Google has been working for years to make Android updates better and faster. That is one of the common complaints with Android right now, and the main reason most people buy a Pixel (or a Nexus, before 2016). That is because Pixel smartphones get updates straight from Google. But Google debuted a new "project" last year that is meant to help improve the frequency of Android updates, and that is Project Treble. Google announced today that it expects to see more devices running Android 9 Pie at the end of 2018, than Android 8.0 Oreo at the end of 2017. And so far, that does appear to be happening. Many smartphones have already launched the Android Pie update for their devices. Including Essential, OnePlus and Sony, to name a few, and Samsung is starting its beta for Android 9 Pie today. Now this claim was made last year though, when Project Treble was announced and rolled out with Oreo. But the difference is that now all Android Pie or later smartphones will be Treble-compliant, as it is now a requirement. With Android Oreo it was not a requirement, and many smartphone makers opted not to include this updated framework.
At the Android Dev Summit last week, Google showed off a number of different Android smartphones running the Generic System Image, or GSI. This is built from the latest available AOSP source code, so it is truly stock Android, and it also includes the latest bug fixes contributed from the OEMs. Manufacturers already use the GSI to validate the implementation of the vendor interface on their devices. Now, Android app developers will be able to use the GSI to test out their own apps on different Android devices. This is going to make it easier for Android developers to really get their apps ready for new versions of Android, even before they launch.
Background: Project Treble isn't the first thing that Google has tried, in making software updates faster. It tried doing an alliance many years ago that would bring about faster updates to users. It also debuted Google Play Services, which was a framework for all Google-certified Android devices, and it was used to push out new features, bug fixes and even fix some exploits, without needing to push out a whole new version of Android. But it seems that Project Treble is the most successful so far. Google isn't promising same-day software updates for other smartphones, as with the Pixels, but it is promising faster updates. Of course, doing the beta program for the new versions of Android do definitely help Google there, especially this year where it had a number of its partners join in on the beta program – including Sony, OnePlus, Xiaomi and others.
Software updates will always be Android's downfall. And the reason why these updates take so long is because Android is used by everyone and everything. Smartphones that have skins like those from Samsung, LG and HTC, are going to take longer because those manufacturers need to work on that software and integrate it with their skin. For example, Samsung actually entirely reworked its skin and renamed it "One UI" with Android 9 Pie, which obviously required a lot of work, and thus it's taking longer to roll out Android Pie. But even with that rework of its own UI, Samsung is starting the Beta for Android Pie earlier than it did for Android Oreo last year – and it's available for many more devices – which is a start. On top of optimizing these updates for skins, manufacturers also need to get them certified. Google needs to certify the update, and so does the carriers – particularly in the US. This is why updates take so long, there are so many moving parts. Now Apple still needs to get their updates certified by carriers, but since they are building the update, that's the only certification that they need. They also get that done all ahead of time before even announcing an update. Which is how iOS is able to roll out much faster than Android. There's only a handful of different iPhones out there, while there are thousands of different Android smartphone models out there now.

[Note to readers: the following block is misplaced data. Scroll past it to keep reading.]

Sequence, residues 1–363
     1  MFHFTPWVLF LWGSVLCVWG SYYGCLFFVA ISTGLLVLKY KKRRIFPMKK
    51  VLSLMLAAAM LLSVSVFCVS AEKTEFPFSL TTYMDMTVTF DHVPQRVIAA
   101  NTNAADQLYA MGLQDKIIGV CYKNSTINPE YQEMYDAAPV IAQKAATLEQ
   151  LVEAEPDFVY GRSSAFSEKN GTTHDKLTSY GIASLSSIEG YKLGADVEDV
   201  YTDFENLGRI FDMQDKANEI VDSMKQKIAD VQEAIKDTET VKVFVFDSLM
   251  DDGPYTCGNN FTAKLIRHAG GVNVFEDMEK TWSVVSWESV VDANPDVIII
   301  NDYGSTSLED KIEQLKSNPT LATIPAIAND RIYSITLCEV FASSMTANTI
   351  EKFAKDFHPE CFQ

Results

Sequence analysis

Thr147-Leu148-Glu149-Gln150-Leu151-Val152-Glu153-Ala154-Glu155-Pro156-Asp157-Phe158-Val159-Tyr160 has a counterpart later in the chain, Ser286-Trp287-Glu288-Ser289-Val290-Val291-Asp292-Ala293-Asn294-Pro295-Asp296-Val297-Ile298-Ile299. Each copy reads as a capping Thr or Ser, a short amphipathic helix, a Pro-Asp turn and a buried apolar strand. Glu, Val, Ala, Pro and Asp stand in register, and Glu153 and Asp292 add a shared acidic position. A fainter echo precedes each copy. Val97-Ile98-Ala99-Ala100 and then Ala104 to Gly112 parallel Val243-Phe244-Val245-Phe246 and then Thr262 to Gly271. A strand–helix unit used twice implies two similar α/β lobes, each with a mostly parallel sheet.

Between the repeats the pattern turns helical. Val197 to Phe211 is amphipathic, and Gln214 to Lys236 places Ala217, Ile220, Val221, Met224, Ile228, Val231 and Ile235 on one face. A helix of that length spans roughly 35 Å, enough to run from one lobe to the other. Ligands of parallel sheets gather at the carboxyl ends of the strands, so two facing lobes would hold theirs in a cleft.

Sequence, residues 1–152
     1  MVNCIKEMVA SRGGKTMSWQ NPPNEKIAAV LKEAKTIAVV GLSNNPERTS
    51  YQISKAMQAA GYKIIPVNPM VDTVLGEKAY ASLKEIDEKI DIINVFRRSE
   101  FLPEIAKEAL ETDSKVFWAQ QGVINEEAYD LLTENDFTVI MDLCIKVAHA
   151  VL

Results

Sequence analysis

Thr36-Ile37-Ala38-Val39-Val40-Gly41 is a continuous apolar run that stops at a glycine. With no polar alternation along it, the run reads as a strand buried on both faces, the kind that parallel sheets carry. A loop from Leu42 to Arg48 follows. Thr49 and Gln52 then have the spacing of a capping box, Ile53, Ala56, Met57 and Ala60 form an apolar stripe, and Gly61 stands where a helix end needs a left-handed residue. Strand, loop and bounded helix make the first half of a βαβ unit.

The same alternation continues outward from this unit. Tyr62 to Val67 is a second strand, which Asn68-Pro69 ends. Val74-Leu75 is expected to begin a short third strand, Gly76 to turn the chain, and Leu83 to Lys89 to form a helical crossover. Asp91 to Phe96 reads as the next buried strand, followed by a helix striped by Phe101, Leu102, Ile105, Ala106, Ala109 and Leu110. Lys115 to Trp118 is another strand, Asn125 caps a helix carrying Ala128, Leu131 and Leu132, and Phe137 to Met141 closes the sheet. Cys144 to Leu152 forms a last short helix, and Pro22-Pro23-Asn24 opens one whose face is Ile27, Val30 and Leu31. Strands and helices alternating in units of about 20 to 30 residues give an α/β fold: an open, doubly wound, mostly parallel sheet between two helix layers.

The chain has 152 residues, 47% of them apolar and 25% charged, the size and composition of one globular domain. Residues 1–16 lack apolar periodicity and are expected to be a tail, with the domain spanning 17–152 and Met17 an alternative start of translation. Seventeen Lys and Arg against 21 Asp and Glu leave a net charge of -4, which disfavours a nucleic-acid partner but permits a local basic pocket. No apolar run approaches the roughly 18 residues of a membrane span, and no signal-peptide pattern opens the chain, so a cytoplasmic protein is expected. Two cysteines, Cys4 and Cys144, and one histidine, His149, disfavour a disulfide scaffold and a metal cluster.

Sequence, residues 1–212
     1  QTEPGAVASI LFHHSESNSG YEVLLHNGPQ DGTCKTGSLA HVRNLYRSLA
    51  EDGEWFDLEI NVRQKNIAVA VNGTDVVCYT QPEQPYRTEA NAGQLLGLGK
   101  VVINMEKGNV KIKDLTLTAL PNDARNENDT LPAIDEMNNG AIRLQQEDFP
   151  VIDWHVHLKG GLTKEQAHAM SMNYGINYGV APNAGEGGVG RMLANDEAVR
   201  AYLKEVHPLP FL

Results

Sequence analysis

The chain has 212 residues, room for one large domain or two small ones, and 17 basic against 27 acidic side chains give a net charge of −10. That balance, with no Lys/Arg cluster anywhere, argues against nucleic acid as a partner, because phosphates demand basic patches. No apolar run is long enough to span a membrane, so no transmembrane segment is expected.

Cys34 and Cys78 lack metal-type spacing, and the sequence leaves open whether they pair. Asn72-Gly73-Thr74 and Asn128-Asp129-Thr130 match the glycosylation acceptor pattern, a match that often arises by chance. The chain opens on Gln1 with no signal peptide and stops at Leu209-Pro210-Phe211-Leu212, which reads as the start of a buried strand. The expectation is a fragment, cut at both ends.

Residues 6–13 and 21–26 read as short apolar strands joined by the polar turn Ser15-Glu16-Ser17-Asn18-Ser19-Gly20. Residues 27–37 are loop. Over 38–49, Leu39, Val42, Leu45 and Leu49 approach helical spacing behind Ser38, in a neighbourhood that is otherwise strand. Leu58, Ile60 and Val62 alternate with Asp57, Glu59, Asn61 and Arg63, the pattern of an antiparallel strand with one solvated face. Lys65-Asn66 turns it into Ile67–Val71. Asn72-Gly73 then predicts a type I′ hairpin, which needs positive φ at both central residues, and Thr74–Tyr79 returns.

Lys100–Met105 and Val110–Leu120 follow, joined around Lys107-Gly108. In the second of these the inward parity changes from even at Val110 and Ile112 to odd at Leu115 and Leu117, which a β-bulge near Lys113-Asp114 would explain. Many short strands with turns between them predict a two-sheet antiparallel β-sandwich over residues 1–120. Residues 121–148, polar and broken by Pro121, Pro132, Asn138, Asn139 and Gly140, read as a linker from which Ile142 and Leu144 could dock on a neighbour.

Impact: Many had high expectations for Project Treble and that includes Google. But the fact that many manufacturers were opting to leave Project Treble support out of their Android Oreo updates last year was a big issue, and virtually rendered Project Treble useless for Google. Now it is a requirement for manufacturers, which is indeed a good thing for Google, as it's going to be able to get these updates out there faster. And while Project Treble only launched last year, we are already seeing the fruits of its labor. So far, many more smartphones have updated and launched with Android Pie, then any other version of Android at this time after launch. Smartphones like the Sony Xperia XZ3, OnePlus 6T and the Huawei Mate 20 lineup all launched with Android Pie, and there were nearly a dozen other smartphones updated to Android Pie already. Though, Android Pie still doesn't appear on the monthly distribution chart, which is a bit surprising, given the number of devices running Pie now.
Project Treble doesn't appear to be able to completely fix the issue of software updates on Android for Google, but it is making these updates faster, and that is what is important right now. Updates have always been an issue, in fact, we are still seeing some devices getting their Oreo update now, over a year after it launched. Which is pretty pathetic. Not only do users want the latest and greatest version of Android, but it's important for everyone to be updated, for security reasons. Older versions of Android are not patched as well as the newer versions. And that is because Google found some issues that it fixed in later models. And with a nearly two-year-old version of Android being the most popular, that means that many Android users are not safe from getting hacked or having something happen to their phone. Project Treble will fix that though.